She clarifies by saying that, "when a person despairs that their depression is eternal, then they commit suicide."
To illustrate that she writes: "If at some point in your young life a psychological arbiter of some kind visits you and says that you will suffer 800 hours of loneliness in your life, that wouldn't be great, but the upside is that like a prison sentence, you know when it will end."
The problem we all face with loneliness, depression and despair, is that when you are in it, your immediate thought is that this is how I will feel for the rest of my life.
One of the factors in teen suicide I have no doubt, with many a teenager starting to think that they faced sixty more years of this, and couldn't take the pain.
And my main feeling of depression is of a paradoxical world, where nothing, just nothing made sense, and every single thought was diametrically conflicted by the thought immediately after it.
When I was in bed, I didn't want to get up, once awake I never wanted to go to bed.
When at home I never wanted to go out, when out I never wanted to go home.
If I was smoking a cigarette, I often, like a Martin Amiss character, wanted another cigarette.
If I was eating, I never wanted to stop, if I wasn't I never wanted to start.
I constantly thought if only I had a relationship I wouldn't be lonely, but recalled that some of the bleakest periods of my life were being alone and bereft as half a couple.
Once drunk I clearly never wanted to feel anyone than other than the joy of joie-de-vivre brought on by my Pan Galactic Gargle Blasters, but, paradoxically, even as I approached the summit of alcoholic joy, knew that the crash and roll down the other side was coming, with first the depressive effects during, and the hangover after, to come.
When my car was in for repairs I would think if only I had my car back my life would be more manageable, but the moment it was back on the forecourt I would use it to buy booze then not go out in it for days.
I would say "if only there was some good surf I would be happy", but then I would check the surf and even if the surf was good, make that little speech, "it's not so good, think I'll just sit on my porch and drink".
Even sitting still was blown apart by the conflicted mindset of depression.
On the one hand everyone told me I should meditate, but then when I did, my parent's voices would crash through the reverie and scream "you can't sit down, you must work hard constantly."
NB: This was rich, particularly from my mother, who never did a moment's hard work in her damn life.
When working hard I would feel my mental state collapsing and knew I should sit down and read a book, but knew that as soon as I did I'd feel guilty about not working.
I was too tired to sleep and too exhausted to stay awake.
Often I was so angry I would punch whatever was handy, the walls of my tent were common, at other times I would start crying when I saw a developmentally delayed person playing happily with a balloon, I still do not understand why this was, perhaps a grief at how sad the world can be, though even this was a paradox as well as developmentally delayed persons often find happiness in the simplest things, a pretty balloon for example.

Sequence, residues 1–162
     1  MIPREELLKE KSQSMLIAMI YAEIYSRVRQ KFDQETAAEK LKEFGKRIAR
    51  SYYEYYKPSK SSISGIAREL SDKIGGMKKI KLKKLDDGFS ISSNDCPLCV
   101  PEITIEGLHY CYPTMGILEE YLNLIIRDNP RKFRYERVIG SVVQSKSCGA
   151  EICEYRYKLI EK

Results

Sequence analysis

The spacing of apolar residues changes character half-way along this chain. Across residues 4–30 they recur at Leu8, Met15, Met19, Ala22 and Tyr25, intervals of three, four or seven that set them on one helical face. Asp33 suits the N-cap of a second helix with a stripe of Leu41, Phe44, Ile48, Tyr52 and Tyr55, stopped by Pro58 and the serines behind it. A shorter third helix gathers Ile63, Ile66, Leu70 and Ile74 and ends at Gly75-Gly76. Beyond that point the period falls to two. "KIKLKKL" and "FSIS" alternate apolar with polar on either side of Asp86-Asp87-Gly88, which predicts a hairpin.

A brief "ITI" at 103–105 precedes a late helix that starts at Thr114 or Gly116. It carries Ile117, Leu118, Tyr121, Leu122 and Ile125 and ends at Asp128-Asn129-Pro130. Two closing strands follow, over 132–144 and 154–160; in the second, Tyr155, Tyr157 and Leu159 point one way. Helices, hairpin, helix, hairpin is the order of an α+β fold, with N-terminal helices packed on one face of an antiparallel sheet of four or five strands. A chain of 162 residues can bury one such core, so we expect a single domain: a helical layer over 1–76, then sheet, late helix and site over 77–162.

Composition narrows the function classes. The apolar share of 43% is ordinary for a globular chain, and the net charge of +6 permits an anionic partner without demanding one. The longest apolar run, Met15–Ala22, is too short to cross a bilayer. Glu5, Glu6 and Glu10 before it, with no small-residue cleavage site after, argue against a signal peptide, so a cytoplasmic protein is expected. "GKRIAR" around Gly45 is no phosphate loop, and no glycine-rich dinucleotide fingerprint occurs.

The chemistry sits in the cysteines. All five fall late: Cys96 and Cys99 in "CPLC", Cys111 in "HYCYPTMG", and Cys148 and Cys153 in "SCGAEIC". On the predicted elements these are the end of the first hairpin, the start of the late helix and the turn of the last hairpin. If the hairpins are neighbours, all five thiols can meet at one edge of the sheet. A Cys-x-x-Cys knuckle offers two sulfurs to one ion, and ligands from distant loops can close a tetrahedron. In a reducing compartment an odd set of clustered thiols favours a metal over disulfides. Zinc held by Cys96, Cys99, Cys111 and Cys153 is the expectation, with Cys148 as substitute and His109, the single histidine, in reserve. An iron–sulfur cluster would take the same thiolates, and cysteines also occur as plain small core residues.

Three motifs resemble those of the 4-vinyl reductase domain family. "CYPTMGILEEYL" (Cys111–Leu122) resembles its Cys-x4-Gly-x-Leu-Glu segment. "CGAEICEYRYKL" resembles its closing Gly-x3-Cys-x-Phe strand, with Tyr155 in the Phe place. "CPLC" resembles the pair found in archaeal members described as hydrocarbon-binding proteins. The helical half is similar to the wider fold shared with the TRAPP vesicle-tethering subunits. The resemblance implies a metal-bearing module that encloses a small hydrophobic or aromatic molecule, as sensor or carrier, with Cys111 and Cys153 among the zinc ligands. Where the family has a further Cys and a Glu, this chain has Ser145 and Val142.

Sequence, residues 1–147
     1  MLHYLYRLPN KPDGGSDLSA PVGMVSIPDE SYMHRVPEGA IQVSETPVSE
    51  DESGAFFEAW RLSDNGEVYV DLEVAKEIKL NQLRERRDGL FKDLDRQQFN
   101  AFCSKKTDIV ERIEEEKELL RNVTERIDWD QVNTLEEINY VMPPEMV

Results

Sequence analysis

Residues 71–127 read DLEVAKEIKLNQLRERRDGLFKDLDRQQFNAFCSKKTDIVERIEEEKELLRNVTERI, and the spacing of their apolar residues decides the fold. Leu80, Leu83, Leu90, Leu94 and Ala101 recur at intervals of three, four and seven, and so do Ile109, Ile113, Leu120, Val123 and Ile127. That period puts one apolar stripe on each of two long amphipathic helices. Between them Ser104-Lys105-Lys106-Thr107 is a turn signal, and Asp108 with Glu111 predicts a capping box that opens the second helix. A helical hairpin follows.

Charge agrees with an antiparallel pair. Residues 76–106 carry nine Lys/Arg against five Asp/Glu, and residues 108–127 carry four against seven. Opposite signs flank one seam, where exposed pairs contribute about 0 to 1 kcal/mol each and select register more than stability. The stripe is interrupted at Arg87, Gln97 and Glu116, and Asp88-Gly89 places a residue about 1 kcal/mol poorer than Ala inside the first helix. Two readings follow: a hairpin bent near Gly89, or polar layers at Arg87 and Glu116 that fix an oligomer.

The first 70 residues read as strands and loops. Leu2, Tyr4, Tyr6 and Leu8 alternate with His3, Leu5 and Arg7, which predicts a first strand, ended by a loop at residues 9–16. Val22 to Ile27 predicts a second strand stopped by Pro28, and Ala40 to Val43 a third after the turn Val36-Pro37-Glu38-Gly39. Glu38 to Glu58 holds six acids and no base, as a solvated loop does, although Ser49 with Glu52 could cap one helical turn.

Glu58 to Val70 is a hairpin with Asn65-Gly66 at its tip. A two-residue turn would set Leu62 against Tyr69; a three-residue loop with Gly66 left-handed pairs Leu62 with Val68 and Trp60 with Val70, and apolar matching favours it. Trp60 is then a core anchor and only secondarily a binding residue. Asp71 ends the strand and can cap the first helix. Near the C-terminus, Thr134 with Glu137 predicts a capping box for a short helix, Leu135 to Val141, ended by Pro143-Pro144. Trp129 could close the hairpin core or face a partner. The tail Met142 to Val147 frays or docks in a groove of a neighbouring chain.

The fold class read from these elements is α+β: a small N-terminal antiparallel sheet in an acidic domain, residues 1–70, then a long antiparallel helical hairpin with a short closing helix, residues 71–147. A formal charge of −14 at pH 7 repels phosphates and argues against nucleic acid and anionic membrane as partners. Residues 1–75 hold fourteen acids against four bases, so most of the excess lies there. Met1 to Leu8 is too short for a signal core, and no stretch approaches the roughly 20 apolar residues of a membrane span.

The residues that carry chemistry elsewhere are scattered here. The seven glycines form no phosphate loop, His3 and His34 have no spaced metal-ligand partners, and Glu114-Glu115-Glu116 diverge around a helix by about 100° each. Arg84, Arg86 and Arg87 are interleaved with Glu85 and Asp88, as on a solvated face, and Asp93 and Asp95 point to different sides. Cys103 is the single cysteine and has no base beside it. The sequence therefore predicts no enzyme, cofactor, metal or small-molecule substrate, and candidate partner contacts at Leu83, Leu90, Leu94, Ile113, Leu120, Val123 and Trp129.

Once I scaled the mental Everest of driving to the coast and putting on my wetsuit I would go surfing and once out there never want to come in.
However sometimes a crowd would form, or a big wave would smash me backwards and I would retreat and never want to go in the ocean again.
I could go on but won't.
If you are down and there is no readily discernible reason, this could be depression.
If you are riven with paradoxes, this is another.
A common example is a person married with two wonderful kids, a mortgage, a "good" job, a nice car and to all appearances having got it made, yet they burst into tears once a week or more as soon as they are alone.
This person may have a mental illness and indeed depression, and are now finding that the goals set out by society aren't making them happy.
If you are troubled by thoughts that are unwelcome and general "low" feeling, think of seeing someone about it.
Anyone here in Australia can see a mental health professional through their GP.
I started this blog as therapy, and it has definitely helped.
If one day I learn that someone reading this didn't kill themselves, or even got it together to seek mental health treatment, that's good enough for me.
So I'll leave you with something that helped me, and indeed is why I am a gardener today.
One of the things that used to fascinate me as a child was the way plants would emerge every year in the still freezing Bathurst spring.
As I hid under the bed and waited out the next of my parents' cyclonic rages I would think of those plants and it helped me endure.
I began to check, like Thomas Jefferson of an earlier age, for the first blossoms and flowers of the spring, often pushing through the frost or snow.
I would stare at those plants and marvel to myself 'how tough are these things!', it is barely liveable out here, and these plants aren't just living, but bursting into flower.
All my life I have heard conversations and discussions about who is the toughest footy player, who is the hardest man.
Well, for me the toughest of the lot, and the greatest role model of them all is daffodils growing through the snow.